CircCCAR1 promotes the metastasis of HCC in vitro and in vivo
Metastasis is a hallmark for cancer and the metastasis of HCC seriously harms the prognosis of HCC patients. We then investigated the effect of circCCAR1 on the migration and invasion of HCC cells. The function of circCCAR1 on the migration of HCC cells was assessed by wound healing and Transwell migration assays. The results displayed that circCCAR1 depletion reduced migration of HCC cells, and circCCAR1 overexpression strengthened migration of HCC cells (Fig. 3A-C). Moreover, Transwell invasion assays suggested that overexpression of circCCAR1 increased and knockdown of circCCAR1 expression decreased the invasion ability of HCC cells (Fig. 3D). To evaluate circCCAR1 in HCC metastasis in vivo, stable HCCLM3 cells with circCCAR1 overexpression or depletion were intravenously injected into the tail vein of BALB/c nude mice. Lung tissues were harvested and the number of metastases was counted. The data indicated that 100% (9/9) of the mice in the circCCAR1-overexpressing group had metastatic nodules, while metastatic nodules were ultimately found in 44% (4/9) of mice in the vector group (Fig. 3E). Metastatic nodules were found in only 11% (1/9) of mice in the circCCAR1 depletion group. In addition, the number of tumor nodules was greater in the circCCAR1-overexpressing group and was smaller in the circCCAR1-depleted group (Fig. 3E-G). In summary, these data revealed the significance of circCCAR1 in accelerating the aggressiveness of HCC cells.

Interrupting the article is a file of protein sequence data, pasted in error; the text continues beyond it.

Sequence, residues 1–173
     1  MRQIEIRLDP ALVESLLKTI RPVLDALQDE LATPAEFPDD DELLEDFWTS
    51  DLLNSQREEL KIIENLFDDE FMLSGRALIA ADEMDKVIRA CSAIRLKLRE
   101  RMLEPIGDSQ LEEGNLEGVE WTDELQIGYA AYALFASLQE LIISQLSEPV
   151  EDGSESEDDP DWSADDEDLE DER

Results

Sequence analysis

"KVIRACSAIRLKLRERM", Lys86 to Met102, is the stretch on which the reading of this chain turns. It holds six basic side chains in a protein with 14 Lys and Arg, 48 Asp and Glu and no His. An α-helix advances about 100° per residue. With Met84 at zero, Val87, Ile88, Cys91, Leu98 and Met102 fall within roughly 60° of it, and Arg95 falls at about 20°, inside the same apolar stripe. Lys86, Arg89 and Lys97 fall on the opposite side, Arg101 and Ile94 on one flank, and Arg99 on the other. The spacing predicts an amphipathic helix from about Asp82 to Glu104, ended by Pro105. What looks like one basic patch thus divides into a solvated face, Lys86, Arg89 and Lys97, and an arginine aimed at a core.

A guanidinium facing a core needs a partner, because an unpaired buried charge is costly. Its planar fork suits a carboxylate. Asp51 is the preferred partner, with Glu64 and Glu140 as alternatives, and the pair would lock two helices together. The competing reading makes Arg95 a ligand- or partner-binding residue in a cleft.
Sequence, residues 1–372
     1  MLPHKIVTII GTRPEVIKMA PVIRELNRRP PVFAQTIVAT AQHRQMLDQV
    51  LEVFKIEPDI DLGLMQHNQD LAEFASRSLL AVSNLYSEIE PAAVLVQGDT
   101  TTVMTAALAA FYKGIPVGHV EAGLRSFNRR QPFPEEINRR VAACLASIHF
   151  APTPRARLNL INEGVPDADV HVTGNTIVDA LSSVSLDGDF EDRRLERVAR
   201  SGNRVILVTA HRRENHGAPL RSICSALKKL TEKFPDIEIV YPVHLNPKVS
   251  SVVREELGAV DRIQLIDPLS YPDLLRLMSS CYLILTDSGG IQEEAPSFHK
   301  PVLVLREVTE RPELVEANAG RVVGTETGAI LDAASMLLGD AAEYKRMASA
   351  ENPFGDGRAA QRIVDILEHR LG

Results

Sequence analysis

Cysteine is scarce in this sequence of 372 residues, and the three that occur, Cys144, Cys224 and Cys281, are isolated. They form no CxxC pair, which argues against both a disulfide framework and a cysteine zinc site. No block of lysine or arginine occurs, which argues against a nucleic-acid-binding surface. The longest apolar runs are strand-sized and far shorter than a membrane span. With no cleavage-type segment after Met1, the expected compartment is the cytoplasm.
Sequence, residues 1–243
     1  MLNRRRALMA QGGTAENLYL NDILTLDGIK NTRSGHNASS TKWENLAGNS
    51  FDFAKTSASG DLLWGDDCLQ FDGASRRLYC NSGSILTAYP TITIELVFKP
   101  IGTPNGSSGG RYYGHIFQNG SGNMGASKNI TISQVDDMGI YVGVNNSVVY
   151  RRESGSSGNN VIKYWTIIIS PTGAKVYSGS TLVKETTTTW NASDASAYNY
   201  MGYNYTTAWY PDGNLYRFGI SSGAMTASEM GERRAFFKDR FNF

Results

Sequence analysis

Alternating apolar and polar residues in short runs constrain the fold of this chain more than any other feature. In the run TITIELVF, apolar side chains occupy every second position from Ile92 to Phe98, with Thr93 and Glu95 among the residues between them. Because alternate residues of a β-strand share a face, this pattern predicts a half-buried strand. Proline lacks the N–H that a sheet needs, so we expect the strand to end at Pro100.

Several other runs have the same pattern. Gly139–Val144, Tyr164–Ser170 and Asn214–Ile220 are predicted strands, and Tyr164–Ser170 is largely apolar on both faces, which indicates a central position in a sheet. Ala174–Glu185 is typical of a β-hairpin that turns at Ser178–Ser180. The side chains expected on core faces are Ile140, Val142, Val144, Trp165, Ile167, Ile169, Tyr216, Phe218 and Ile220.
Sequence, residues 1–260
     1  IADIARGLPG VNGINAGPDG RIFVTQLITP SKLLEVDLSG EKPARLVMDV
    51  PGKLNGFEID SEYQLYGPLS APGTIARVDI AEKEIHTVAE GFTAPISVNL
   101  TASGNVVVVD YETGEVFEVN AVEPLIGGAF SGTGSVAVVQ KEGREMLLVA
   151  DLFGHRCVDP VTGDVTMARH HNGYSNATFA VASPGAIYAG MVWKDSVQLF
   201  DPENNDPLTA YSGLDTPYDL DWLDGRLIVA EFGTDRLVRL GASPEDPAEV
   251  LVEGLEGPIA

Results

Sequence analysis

EP300-mediated H3K27ac promotes circCCAR1 expression in HCC
Histone acetylation plays an important role in gene expression and is involved in regulating the progression of a variety of tumors including HCC . We next explored histone acetylation of circCCAR1 promoter by analyzing Chromatin immunoprecipitation (ChIP)-Seq data from The Encyclopedia of DNA Elements Consortium (ENCODE) database. Enriched histone H3 lysine 27 acetylation (H3K27ac) signals were found in the CCAR1 promoter region (Fig. 4A), showing that histone acetylation may control circCCAR1 or CCAR1 expression. Then, a ChIP assay further indicated that enriched H3K27ac was located in the CCAR1 promoter and was higher in HCC cell lines than in the control LO2 cells (Fig. 4B). Moreover, the histone acetyltransferase (HAT) inhibitor C646 reduced CCAR1 mRNA and circCCAR1 levels (Fig. 4C-D), which further verified that histone acetylation could affect circCCAR1 expression. As E1A binding protein p300 (EP300) is necessary for H3K27ac and positively correlated with CCAR1 expression in TCGA HCC tissues (Fig. 4E), we wondered whether EP300 was implicated in the abnormal expression of circCCAR1 in HCC. To test the hypothesis, the expression of circCCAR1 in HCC cells was detected after EP300 depletion. The inhibition of EP300 significantly decreased CCAR1 mRNA and circCCAR1 expression (Fig. 4F-G). The depletion of EP300 also reduced EP300 and CCAR1 protein levels in HCC cells (Fig. 4H). The results of the ChIP assay suggested that enriched EP300 was located in the CCAR1 promoter and was higher in HCC cell lines than in the control LO2 cells (Fig. 4I). EP300 depletion reduced occupied H3K27ac at the CCAR1 promoter (Fig. 4J-K). These results suggested that EP300-mediated histone acetylation activation increased circCCAR1 expression.
EIF4A3 promotes the cyclization and nuclear export of circCCAR1